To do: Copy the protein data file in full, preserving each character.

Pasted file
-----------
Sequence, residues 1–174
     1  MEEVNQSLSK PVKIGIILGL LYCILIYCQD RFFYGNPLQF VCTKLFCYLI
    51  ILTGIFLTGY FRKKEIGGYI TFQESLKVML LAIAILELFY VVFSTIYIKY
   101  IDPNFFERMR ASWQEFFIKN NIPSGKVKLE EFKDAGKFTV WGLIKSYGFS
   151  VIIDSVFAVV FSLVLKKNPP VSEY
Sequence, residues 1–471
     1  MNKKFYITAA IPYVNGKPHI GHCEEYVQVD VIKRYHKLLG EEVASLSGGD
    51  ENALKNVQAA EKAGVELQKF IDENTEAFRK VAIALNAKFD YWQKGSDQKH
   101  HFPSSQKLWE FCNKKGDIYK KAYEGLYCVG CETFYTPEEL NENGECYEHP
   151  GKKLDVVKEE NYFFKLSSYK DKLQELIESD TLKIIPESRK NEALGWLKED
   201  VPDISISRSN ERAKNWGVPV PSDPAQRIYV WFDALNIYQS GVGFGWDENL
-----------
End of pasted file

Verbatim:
Sequence, residues 1–174
     1  MEEVNQSLSK PVKIGIILGL LYCILIYCQD RFFYGNPLQF VCTKLFCYLI
    51  ILTGIFLTGY FRKKEIGGYI TFQESLKVML LAIAILELFY VVFSTIYIKY
   101  IDPNFFERMR ASWQEFFIKN NIPSGKVKLE EFKDAGKFTV WGLIKSYGFS
   151  VIIDSVFAVV FSLVLKKNPP VSEY
Sequence, residues 1–471
     1  MNKKFYITAA IPYVNGKPHI GHCEEYVQVD VIKRYHKLLG EEVASLSGGD
    51  ENALKNVQAA EKAGVELQKF IDENTEAFRK VAIALNAKFD YWQKGSDQKH
   101  HFPSSQKLWE FCNKKGDIYK KAYEGLYCVG CETFYTPEEL NENGECYEHP
   151  GKKLDVVKEE NYFFKLSSYK DKLQELIESD TLKIIPESRK NEALGWLKED
   201  VPDISISRSN ERAKNWGVPV PSDPAQRIYV WFDALNIYQS GVGFGWDENL